Kristin Ess Shares Her Tricks To Taming Her Cowlick
Celebrity hairstylist Kristin Ess has been working her magic for years on high-profile clients like Lauren Conrad and Lucy Hale. Cutting, dying, and styling some of Conrad and Hale’s most memorable looks helped Ess build a name for herself, and now the talented hairstylist even has her own line of hair care products (via Us Weekly). These products, available exclusively at Target, help women achieve the hair of their dreams from the comfort of their own homes. Whether you want to wash, color, or style your hair, Ess has you covered.
Not only does Ess help create and style some truly remarkable hair, but she also doles out helpful advice to women who are trying to address common problems, such as cowlicks. If you’re unfamiliar with the term, a cowlick essentially refers to a section of hair that grows in a different direction than the rest and is often difficult to comb flat (per Oxford Languages). Some people experience cowlicks at the front of their hair, especially when rocking a fringe, whereas others have a stubborn patch at the back of their head. Thankfully, Ess has a solution for cowlicks, too!
Kristin Ess recommends using this technique to tame a cowlick
Kristin Ess spoke with Allure in 2013 about her tried-and-true method for taming her cowlick. This is especially relevant for those who struggle with this issue around their bangs, though the same method can be applied regardless of the cowlick’s position.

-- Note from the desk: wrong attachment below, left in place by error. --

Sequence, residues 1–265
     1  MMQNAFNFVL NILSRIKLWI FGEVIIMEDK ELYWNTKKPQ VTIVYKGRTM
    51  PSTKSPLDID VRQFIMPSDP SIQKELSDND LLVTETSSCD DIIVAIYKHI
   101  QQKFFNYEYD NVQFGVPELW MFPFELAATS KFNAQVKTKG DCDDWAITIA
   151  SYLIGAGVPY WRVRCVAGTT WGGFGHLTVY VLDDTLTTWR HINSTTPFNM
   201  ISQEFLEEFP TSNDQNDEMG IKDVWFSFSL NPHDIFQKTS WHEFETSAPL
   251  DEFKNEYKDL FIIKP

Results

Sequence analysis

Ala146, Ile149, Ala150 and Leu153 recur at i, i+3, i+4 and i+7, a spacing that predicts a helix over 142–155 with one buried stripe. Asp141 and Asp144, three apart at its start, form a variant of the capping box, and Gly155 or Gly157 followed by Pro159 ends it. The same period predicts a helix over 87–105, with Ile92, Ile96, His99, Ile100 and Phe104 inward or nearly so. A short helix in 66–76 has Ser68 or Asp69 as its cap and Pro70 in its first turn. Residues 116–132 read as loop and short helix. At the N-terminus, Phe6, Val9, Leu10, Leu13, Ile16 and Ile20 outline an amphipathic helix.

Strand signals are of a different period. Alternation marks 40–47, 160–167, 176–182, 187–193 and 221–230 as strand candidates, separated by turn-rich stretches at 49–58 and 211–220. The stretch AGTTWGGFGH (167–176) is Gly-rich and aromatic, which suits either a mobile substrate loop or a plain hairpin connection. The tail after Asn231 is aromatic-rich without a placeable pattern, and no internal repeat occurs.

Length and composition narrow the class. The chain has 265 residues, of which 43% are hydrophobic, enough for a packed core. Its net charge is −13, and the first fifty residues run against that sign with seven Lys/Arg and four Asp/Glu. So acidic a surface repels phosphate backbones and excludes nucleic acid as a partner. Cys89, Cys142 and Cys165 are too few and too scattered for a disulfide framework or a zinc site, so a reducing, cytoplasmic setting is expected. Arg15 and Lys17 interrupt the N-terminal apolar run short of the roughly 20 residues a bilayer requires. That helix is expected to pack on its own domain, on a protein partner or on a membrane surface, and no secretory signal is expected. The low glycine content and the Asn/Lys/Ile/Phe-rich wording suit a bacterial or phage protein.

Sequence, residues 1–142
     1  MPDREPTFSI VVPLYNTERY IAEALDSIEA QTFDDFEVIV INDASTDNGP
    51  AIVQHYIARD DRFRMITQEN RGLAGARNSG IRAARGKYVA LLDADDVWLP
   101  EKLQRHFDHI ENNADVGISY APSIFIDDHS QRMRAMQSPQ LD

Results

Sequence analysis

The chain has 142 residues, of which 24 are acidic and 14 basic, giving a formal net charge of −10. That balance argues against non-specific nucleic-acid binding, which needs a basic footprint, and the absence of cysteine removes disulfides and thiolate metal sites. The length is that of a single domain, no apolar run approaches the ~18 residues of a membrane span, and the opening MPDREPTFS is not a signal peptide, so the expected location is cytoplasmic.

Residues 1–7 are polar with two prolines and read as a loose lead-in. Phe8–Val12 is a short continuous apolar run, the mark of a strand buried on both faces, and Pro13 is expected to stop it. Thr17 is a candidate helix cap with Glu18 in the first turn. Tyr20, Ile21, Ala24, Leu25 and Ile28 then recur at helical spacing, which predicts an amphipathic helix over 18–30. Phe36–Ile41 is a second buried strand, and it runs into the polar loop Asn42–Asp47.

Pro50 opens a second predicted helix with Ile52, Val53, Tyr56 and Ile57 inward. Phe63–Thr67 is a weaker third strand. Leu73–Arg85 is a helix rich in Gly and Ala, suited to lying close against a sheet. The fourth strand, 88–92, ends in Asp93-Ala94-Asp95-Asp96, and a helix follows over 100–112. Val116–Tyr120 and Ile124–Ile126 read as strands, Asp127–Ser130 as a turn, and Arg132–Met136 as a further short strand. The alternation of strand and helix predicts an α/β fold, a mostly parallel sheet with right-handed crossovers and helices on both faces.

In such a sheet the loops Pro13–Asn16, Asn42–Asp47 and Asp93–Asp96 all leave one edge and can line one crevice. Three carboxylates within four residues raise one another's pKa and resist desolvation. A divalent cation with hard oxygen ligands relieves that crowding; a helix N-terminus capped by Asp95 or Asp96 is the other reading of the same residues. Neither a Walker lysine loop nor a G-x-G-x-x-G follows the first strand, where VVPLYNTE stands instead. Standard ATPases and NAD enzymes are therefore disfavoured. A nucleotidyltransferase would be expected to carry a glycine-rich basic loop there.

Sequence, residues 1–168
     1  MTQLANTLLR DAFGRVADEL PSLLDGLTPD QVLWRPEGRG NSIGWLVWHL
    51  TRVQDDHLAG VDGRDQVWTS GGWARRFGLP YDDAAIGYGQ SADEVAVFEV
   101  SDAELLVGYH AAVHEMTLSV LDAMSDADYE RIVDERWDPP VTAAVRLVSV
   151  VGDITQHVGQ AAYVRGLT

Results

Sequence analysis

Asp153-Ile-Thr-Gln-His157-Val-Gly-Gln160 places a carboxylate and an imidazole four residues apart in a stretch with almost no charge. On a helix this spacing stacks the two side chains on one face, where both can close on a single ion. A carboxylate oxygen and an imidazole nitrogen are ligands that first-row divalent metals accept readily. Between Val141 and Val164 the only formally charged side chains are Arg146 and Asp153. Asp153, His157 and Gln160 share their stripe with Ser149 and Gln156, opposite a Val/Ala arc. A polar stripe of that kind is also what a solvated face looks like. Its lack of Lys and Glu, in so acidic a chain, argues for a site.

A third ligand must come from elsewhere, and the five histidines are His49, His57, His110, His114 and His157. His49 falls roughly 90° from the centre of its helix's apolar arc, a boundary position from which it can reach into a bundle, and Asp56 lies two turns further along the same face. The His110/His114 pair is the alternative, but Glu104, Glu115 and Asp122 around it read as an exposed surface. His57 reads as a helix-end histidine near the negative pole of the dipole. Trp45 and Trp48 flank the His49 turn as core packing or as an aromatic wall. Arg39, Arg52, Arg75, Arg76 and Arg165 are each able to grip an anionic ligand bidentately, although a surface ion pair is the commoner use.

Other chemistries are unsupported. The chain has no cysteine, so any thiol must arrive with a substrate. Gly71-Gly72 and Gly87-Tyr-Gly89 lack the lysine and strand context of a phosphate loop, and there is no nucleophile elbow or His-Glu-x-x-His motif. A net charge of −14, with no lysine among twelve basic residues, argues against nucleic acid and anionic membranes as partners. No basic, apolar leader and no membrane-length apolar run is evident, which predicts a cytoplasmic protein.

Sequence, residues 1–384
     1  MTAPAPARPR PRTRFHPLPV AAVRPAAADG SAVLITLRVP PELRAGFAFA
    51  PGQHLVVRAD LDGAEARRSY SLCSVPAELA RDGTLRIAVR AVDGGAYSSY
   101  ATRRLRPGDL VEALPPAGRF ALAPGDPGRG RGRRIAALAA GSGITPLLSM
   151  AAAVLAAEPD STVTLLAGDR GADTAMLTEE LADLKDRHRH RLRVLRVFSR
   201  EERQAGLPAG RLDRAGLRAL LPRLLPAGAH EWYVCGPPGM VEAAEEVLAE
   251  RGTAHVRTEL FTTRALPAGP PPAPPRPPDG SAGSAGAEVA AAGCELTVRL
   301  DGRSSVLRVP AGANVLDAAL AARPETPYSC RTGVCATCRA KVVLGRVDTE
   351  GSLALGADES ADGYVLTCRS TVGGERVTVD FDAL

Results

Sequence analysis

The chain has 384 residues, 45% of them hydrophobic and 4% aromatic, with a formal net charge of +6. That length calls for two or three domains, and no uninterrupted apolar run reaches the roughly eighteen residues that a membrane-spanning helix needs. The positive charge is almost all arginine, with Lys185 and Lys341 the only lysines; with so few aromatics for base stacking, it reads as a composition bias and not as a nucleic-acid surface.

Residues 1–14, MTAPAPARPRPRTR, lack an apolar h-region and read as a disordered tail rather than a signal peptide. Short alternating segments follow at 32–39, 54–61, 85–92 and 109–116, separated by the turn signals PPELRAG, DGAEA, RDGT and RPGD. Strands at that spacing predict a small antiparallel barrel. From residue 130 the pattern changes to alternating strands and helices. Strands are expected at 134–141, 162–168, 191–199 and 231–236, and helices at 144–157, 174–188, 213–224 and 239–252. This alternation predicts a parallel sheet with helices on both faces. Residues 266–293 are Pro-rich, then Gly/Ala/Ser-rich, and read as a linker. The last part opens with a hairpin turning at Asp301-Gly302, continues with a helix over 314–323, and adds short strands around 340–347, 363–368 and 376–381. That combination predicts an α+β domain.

To start, Ess recommends blow-drying the problematic hair immediately. “Once the follicle has had a chance to air-dry, it’s also had a chance to set,” she tells Allure. To combat this, you’ll need the right tools.
Ess suggests using the Spornette G-36XL Porcupine Brush, which is a round brush that helps tame cowlicks and perfect blowouts. Once you’ve got the right brush, Ess recommends placing your thumb underneath the hair where the cowlick is, then putting your brush on top of your thumb so you’re squeezing your hair between the two. “The thumb is underneath to get extra tension because you have got to pull on the follicle from the root,” she says. “Even the best heavy brush is not going to be able to do it alone. You have to have the thumb there.”
Finally, you’ll direct your blow dryer downwards and pull the hair to the right, then the left, before pulling it straight down — all the while retaining tension. Goodbye cowlick, hello camera-ready hair!
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